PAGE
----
Deciding which travel toys to take for your toddler - and which will fit in your suitcase - can be tricky, so here's a quick guide!
By Grace Koelma | Dare List Mama
Planning which travel toys, books and games you'll take for your toddler has to be one of the most simultaneously fun and stressful things you'll do before you jet off.
It's fun because you get to put a lot of thought into why and how the toy will be used, and it's a chance to cull the huge pile of existing toys (all part of our quest to simplify our life).
It was a little stressful as well, because as our big day drew closer I started to worry that I'd forget something, that Leo wouldn't have enough.
Remember, every spot in your suitcase is hot real estate. You only have 23 kgs each.
It may sound like a lot, but once your bags are packed and you're at the check-in desk, it's really not that much room.
When choosing toys we'd take with us, we selected based on:
- The item's weight (sadly this meant we couldn't justify bringing Leo's handmade wooden blocks)
- The item's size and ability to fold-down inside a suitcase
- How long the item would last with toddler-grade wear and tear, based on the brand reputability
- Whether Leo had liked the toy for a while (because chances are it would remain a firm favourite for a while longer)
- Whether that item could be replaced around the world, or added to our collection later (when Leo was more developmentally ready - hence why we left LEGO behind.)
(Something to pin for later...)
By the end we still had a pretty large collection. It was time to whittle it down... be ruthless, as Eric would say.
How to cull the toys
The rule here is to find travel toys that have more than one purpose or design. These are called open-ended toys.
Then there's the question of how much variety you should bring? It really depends on how long you're travelling for and what your toddler's interests are.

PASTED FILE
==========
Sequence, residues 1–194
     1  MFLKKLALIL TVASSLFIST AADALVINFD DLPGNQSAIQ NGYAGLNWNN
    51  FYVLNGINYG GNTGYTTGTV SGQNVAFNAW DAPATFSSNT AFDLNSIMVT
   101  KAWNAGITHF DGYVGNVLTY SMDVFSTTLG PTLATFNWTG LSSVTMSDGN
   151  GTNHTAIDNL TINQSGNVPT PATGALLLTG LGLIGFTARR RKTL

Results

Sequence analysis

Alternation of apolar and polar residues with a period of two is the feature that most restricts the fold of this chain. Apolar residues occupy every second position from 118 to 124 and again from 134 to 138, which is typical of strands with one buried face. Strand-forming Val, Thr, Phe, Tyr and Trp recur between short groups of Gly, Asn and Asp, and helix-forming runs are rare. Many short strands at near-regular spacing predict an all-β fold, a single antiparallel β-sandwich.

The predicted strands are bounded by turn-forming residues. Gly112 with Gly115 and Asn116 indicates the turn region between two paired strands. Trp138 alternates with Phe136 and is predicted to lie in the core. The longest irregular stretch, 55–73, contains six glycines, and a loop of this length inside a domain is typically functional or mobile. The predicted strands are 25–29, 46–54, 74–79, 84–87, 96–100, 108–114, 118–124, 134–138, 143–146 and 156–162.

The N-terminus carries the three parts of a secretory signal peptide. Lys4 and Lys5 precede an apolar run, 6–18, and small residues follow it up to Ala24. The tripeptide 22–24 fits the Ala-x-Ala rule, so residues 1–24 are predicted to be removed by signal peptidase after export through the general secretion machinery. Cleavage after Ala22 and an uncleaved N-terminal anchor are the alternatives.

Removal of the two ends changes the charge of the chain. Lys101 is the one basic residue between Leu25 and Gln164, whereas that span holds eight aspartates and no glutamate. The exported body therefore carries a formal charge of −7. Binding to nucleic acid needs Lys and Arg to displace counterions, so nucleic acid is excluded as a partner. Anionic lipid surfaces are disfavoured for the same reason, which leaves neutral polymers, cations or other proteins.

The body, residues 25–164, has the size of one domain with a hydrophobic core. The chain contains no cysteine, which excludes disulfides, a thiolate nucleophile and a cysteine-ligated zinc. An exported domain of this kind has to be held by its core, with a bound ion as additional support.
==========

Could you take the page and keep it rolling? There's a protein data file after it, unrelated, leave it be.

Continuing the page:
If you're going on a 2-week holiday and will be spending lots of time together as a family, you won't need as many travel toys (just enough to get you through the flight, I imagine!)
But if you're travelling long term and working as digital nomads, you'll need to stock up.
Here was our thought process... If Leo is in the care of one parent while the other is working, or with an au pair, we need materials and toys that we (they) can use in play, the same as if we were at home. We just have less choice.
So, what travel toys did we bring?
I chose around 8 books (the tiny ones I count as one book), one sticker book, some flat-pack art kits, a selection of basic art supplies, 2 sets of flashcards, some Play Doh tubs, toy cars, planes and helicopters (Leo's obsession), spinning tops, small soft balls, small 'fiddly' toys and two stuffed animals. Here's the breakdown in a bit more detail.
1. Picture books
I brought a mix of books (mostly small, with the exception of our one big 'A is for Australia' book.)
I chose themes based on Leo's interests (planes, trains, cars, rockets, animals), developmental stage (counting, colours, alphabet, opposites) and of course, making sure he still has an understanding of his home and culture.
Books I packed:
- Busy Airport is an obvious one for plane travel, it's a pop up, pull tab board book that Leo loves. (Thanks Aunty Laura!)
- The inclusion of the A is for Australia book took a bit of convincing due to its larger size (directed at Eric, the official packing officer! haha) but with its gorgeous illustrations and step-by-step guide through the beauty and famous sites of our home country, including little facts that Leo would grow into, I knew we had to bring it.
- The mini board books 'Aircraft' and 'Emergency' came as a set of 9, with 7 other plane, train and automobile themes, from our local post office of all places! We love them because they fit inside a small purse or handbag, or Daddy's back pocket.
- Leo's family and friends is a little photo book I created with Blurb, filled with photos of Leo's favourite people. It's one of his favourite books, and helps pass the time as we slowly go through and identify everyone by name.